Parents in Cub Scouts
It’s important to be clear about the main difference between Cub Scouts and Scouts BSA (formerly the Boy Scouts). Scouts BSA is a program for older youth that usually has them working together and making decisions independent of adults. Cub Scouts requires parent participation. That means parents do most of the activities with their scouts, and at times if your child needs assistance it’s expected that their parent is present and available to help. Scouts camp with their family, and additional non-scout family members are welcome. Cub scouts are still learning to camp, so site locations at scout parks or state parks always have basic facilities (i.e. not primitive sites). Parents can learn new skills right along with their child, and being there with them is key. The success of your cub scout’s experience is largely determined by your level of involvement.
Working with Your Scout
The unit cannot provide a quality program without your help. When completing the youth application, you acknowledged the Parent Agreement: I have read the Scout Oath and Scout Law, and I want my child to join Scouting. I will assist them in abiding by the policies of the BSA and the chartered organization. I will: Serve as an adult partner while my child is a Lion or Tiger, help my Scout grow through completion of advancements, help the unit with activities and assist as needed.
To assist your Scout in getting the most of the Cub Scout program, the recommendation is for parents to:
- Commit to sitting down with their Scout to get familiar with the rank handbook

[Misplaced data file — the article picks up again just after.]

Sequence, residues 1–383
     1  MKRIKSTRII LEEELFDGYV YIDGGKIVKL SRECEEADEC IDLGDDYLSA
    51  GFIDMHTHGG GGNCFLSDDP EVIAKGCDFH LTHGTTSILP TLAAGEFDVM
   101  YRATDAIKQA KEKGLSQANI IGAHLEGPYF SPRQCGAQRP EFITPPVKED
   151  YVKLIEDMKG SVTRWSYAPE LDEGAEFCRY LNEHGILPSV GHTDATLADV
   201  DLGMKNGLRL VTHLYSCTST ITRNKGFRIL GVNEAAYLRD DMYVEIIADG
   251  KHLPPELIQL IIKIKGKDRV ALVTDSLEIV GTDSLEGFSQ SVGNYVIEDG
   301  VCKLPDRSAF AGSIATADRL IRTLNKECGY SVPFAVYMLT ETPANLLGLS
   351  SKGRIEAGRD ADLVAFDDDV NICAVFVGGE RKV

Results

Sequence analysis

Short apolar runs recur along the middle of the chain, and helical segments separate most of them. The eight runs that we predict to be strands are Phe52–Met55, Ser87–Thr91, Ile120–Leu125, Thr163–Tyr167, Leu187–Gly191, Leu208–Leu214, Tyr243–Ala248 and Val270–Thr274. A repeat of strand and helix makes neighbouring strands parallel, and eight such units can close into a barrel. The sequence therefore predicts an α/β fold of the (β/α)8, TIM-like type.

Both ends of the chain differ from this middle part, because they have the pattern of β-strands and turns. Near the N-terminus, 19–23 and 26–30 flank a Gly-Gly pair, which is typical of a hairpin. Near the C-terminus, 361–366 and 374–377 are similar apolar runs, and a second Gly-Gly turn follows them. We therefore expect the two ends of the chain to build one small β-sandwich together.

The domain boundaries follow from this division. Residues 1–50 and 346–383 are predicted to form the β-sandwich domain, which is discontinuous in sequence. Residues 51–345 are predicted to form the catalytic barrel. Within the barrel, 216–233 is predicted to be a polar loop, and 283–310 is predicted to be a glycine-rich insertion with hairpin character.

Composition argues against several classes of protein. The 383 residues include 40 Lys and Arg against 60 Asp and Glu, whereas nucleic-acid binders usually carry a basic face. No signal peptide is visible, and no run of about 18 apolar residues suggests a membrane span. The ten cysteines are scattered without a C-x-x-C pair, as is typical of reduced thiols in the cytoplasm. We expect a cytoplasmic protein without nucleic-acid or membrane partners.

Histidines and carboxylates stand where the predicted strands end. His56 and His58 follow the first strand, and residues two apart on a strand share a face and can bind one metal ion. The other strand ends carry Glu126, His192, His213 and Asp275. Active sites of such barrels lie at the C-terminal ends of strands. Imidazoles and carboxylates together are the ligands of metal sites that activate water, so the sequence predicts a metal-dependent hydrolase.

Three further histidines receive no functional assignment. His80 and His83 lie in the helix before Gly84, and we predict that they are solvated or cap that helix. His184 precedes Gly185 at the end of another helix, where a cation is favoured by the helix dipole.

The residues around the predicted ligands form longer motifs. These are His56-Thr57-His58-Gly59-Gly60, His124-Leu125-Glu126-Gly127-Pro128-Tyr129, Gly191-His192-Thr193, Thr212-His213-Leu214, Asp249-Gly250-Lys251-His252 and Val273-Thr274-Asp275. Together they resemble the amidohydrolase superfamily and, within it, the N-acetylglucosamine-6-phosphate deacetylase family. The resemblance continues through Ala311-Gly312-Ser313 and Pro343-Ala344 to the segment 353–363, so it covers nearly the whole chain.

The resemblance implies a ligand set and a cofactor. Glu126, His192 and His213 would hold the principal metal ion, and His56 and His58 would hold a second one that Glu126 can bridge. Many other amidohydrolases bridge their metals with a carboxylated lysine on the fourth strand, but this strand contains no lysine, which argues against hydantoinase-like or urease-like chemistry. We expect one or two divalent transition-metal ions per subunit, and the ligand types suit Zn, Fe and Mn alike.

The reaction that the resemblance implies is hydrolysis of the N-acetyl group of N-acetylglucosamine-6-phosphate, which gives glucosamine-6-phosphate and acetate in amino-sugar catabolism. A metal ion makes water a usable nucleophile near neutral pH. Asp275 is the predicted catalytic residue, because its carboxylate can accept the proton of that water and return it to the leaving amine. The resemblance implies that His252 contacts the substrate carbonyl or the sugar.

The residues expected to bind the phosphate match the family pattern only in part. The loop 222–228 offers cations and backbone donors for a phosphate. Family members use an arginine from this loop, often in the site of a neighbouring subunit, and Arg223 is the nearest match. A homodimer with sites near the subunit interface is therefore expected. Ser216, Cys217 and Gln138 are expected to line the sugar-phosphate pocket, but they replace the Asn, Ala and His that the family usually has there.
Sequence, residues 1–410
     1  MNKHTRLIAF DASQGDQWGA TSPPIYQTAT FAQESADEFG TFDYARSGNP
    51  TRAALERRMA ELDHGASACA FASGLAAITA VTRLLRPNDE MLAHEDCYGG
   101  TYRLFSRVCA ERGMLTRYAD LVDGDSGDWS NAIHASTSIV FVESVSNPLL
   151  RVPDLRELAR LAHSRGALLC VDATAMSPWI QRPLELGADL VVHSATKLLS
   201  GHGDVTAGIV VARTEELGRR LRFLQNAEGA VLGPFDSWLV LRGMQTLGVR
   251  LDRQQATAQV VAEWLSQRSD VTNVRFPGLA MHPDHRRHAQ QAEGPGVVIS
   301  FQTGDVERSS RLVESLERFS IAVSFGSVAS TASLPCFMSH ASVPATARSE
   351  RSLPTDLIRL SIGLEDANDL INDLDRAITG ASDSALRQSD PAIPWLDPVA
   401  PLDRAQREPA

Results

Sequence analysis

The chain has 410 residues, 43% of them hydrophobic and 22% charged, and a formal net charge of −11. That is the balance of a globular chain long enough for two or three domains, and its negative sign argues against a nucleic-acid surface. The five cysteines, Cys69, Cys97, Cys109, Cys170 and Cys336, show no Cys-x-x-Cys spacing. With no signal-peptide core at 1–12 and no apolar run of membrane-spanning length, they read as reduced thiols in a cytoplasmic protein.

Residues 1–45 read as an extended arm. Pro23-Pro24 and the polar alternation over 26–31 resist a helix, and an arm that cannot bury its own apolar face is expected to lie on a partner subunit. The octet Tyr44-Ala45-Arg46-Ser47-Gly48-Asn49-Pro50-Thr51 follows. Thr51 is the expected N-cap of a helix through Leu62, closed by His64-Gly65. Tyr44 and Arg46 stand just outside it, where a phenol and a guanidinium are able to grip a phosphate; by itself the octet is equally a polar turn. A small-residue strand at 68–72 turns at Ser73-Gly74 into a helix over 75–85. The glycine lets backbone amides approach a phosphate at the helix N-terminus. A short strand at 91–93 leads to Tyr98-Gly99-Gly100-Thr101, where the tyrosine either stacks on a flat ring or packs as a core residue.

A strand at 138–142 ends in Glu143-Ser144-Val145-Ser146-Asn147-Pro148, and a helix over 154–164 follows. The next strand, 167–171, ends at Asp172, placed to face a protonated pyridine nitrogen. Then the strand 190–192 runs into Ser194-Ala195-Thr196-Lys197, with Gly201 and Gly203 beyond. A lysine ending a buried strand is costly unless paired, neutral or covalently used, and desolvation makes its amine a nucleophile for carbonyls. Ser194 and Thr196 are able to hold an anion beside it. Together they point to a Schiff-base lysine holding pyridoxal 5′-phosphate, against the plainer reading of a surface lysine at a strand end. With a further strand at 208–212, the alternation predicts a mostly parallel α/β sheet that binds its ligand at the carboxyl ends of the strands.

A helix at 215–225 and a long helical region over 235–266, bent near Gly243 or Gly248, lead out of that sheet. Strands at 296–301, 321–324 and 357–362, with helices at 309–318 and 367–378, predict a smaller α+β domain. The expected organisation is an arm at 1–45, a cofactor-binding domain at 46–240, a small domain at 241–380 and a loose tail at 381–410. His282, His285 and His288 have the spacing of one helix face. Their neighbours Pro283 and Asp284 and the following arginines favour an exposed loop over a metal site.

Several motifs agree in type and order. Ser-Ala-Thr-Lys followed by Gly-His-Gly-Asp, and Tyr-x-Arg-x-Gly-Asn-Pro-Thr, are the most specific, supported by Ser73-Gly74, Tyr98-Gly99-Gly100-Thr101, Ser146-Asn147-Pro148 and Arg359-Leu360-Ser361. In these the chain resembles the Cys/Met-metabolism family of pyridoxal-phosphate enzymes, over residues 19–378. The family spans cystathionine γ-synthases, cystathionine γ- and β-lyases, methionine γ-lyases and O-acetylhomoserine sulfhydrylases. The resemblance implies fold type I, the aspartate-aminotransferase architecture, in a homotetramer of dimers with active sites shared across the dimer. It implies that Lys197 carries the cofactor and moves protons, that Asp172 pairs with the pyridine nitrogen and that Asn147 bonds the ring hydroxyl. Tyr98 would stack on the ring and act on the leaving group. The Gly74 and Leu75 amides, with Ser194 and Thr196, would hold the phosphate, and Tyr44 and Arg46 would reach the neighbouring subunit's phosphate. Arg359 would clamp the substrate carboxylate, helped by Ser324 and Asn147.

- Commit to spend time talking with their Scout about what they are working on in their Den meetings and assist and encourage them in their efforts.
- Attend monthly Pack meetings with their Scout, particularly those when their Scout will be recognized or presented with an award.
- Attend Den meetings with their Scout.
- Talk with their Scout’s Den Leader at least four times during the year about their progress.
- Commit to participate with their Scout in every Pack related activity that they express an interest in participating.
For a pack to function, we must all work together. We need each family to volunteer throughout the year. We have broken up the common tasks, so that there are small volunteer opportunities, and large opportunities such as serving on the pack committee. We need each family to volunteer for tasks from the following groups:
- 4 tasks related to pack meetings and/or roundup throughout the year
- 1 task for each campout a family attends
- 1 task at either crossover or summer activity
- 1 task for popcorn/camp cards, if participating in fundraiser
- 1 task for pinewood derby, if participating